[0121] From parameter study results it can be seen that the notch stress on the second tooth takes the largest value, as already implied from previous work: this aspect makes it desirable to design each tooth using different values of tooth profile parameters.

[0122] With reference to

[0123] In the process illustrated in

[0124] Owing to the presence of a discrete design variable (the number of teeth), most gradient based optimisation techniques will not work directly here. Therefore a two-stage strategy of combining a Genetic Algorithm (GA) with gradient search may be used in this problem. A typical GA is first employed in an attempt to give a fairly even coverage on the search space, and then gradient based search methods are applied on promising individuals with the number of teeth fixed. One of the considerations here is that generic algorithms are capable of dealing with discrete design variables. Another consideration is that as the GA proceeds, the population tends to saturate with designs close to all the likely optima including sub-optimal and globally optimum designs, while gradient based methods are more suited to locating the exact position of individual optimum given suitable starting points. Here the GA is used to give good starting points for the gradient search methods.

[0125] In this example an initial analysis on the base design reveals that several geometric and mechanical constraints are violated. These include geometric constraints

[0126] Genetic algorithms often require large number of evaluations of the objective function and constraints. The computational cost involved can soon become prohibitively high when computationally intensive finite element analysis is used to calculate the stresses in the structure. In this problem each evaluation takes about 5-6 minutes to finish, and most of this time is engaged in finite element analysis. This means that it takes about 80 hours to finish a 10 generation GA search with a population size of 100 using serial processing. (Note that for some specific sets of parameters, there is no viable geometry that can be constructed, and when this occurs SC03 is simply signalled to cancel the analysis).

[0127] Because of the large number of design variables, the optimisation trace may only be plotted on contour maps of two variables if these maps are produced while holding all the other variables constant. Furthermore, if only a small number of quantities are chosen as design variables, there may be no feasible designs at all. For an infeasible starting design, it is easier for the optimiser to find a feasible region if a large number of quantities are left as design variables and broad exploratory searches are used.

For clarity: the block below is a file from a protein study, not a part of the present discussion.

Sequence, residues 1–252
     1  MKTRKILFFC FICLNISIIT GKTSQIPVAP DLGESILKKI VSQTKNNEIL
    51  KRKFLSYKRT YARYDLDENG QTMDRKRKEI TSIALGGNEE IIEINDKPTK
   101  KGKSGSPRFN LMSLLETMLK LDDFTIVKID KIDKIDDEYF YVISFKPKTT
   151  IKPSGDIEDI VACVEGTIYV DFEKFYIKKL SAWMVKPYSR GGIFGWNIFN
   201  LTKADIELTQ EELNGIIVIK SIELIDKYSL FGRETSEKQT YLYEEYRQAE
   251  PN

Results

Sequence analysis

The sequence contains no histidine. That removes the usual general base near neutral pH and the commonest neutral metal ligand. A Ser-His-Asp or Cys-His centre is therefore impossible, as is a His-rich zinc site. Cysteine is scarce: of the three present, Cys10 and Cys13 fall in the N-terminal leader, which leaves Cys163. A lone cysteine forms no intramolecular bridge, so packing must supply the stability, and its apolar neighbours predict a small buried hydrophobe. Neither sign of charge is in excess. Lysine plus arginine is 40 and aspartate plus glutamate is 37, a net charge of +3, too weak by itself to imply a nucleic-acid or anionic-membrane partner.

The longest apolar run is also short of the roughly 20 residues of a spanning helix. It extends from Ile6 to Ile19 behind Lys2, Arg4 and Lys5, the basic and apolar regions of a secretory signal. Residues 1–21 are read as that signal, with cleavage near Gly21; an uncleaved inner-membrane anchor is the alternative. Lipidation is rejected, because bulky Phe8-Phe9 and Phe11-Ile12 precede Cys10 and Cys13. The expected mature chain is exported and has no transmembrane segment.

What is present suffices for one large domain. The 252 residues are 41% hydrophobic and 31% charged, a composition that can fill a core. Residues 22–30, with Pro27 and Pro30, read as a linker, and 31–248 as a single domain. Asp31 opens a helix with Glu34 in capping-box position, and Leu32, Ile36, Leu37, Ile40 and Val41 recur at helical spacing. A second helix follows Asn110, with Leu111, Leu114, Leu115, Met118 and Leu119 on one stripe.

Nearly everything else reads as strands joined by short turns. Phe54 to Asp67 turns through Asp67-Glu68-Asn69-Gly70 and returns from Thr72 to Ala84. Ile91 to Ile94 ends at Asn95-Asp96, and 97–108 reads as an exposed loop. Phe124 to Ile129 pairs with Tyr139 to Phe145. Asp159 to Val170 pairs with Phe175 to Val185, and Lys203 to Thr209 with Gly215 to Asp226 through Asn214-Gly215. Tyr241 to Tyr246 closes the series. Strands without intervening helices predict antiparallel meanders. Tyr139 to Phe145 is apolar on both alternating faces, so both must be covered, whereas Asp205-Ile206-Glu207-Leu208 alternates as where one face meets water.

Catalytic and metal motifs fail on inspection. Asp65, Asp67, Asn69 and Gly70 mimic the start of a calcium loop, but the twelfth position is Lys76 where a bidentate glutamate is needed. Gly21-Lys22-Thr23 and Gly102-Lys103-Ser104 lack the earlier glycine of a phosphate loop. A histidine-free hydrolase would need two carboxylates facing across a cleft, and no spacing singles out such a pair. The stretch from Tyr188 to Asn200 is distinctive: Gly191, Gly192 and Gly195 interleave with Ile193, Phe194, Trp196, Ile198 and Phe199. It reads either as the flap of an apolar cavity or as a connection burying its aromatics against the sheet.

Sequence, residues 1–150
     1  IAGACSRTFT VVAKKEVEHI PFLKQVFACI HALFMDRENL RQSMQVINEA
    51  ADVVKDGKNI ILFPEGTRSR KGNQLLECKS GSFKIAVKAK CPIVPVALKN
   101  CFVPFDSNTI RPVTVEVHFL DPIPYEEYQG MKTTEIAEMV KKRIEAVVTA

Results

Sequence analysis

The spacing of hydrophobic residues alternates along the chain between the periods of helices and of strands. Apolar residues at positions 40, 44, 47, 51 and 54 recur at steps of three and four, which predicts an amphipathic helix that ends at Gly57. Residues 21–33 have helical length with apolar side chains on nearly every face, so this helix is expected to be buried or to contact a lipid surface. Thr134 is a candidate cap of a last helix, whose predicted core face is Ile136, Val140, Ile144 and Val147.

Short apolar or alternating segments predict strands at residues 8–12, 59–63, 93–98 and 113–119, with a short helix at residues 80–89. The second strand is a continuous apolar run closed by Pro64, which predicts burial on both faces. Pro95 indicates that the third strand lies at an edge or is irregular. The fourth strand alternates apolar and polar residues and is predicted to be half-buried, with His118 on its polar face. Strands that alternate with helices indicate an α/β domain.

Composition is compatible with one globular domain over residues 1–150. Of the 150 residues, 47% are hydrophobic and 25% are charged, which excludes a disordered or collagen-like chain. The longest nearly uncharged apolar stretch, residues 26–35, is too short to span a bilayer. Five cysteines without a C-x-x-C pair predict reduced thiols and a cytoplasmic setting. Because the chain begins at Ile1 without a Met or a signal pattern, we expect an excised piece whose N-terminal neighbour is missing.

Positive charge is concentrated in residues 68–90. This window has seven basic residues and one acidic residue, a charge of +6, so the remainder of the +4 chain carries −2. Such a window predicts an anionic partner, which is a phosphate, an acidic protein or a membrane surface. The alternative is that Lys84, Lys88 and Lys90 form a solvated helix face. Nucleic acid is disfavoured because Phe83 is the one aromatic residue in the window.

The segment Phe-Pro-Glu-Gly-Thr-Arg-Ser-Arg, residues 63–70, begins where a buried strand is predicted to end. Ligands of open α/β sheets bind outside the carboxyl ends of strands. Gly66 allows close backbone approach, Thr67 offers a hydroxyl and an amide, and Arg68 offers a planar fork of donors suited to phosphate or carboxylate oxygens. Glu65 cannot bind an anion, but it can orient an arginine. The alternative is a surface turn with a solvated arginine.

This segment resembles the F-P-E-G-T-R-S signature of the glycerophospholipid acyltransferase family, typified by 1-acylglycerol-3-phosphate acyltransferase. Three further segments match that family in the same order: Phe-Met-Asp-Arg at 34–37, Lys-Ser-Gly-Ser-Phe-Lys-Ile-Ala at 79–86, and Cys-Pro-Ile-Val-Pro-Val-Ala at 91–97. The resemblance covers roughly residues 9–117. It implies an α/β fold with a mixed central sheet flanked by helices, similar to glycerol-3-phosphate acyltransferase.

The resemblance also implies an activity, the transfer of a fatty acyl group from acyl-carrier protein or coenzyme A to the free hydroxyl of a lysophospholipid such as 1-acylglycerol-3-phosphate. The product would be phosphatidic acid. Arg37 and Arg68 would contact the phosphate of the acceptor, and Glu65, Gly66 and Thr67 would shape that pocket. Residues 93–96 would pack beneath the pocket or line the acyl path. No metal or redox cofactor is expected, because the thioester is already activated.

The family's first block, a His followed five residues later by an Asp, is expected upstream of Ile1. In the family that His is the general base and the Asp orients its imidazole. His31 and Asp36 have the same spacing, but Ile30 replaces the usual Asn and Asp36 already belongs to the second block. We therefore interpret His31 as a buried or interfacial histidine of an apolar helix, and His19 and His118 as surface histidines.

[0128] A contour map for two design variables has been generated using results from the GA search (

[0129] A gradient based search is illustrated in

[0130] Several steepest descent search methods have been applied to the problem after the initial GA search: these include the Hooke and Jeeves direct search method plus various other methods discussed in Schwefel's book. The first method is very fast when the number of design variables is small, as shown in

[0131] A 20% reduction in the objective function is achieved in this example using the above methods while satisfying all the geometric and mechanic constraints. By looking at the trace data of the search process, it can be seen that the three geometric constraints and the disk notch stresses (identified earlier) remain the major factors affecting the optimisation results. Note that the primary changes to geometry occurred during the GA search and are as illustrated in

[0132] Although minimising the frontal area, and thus the rim-load will reduce overall weight, the life of blade/disk is highly dependent on the notch stresses, and so the notch stress may be minimised to achieve required life targets. Therefore, following the search on the full scale problem, a second optimisation problem to minimize the maximum notch stress has been carried out, starting from the best design found in the previous search. It is expected that this search will drive the geometry in a different direction given the changed goal. The result is shown in

[0133] The generative modelling facility provided by the ICAD system enables the rapid evaluation of different design alternatives in an engineering environment. Incorporating such capabilities into a FEA-based structural optimisation process has been shown to be an effective way to reduce design time scales and at the same time improve the quality of the end product. Other information such as cost evaluation or manufacturing requirements could be further included without sacrificing the compatibility of the existing model. A complete and consistent product model could then be achieved to be set up for evaluation in the design optimisation process.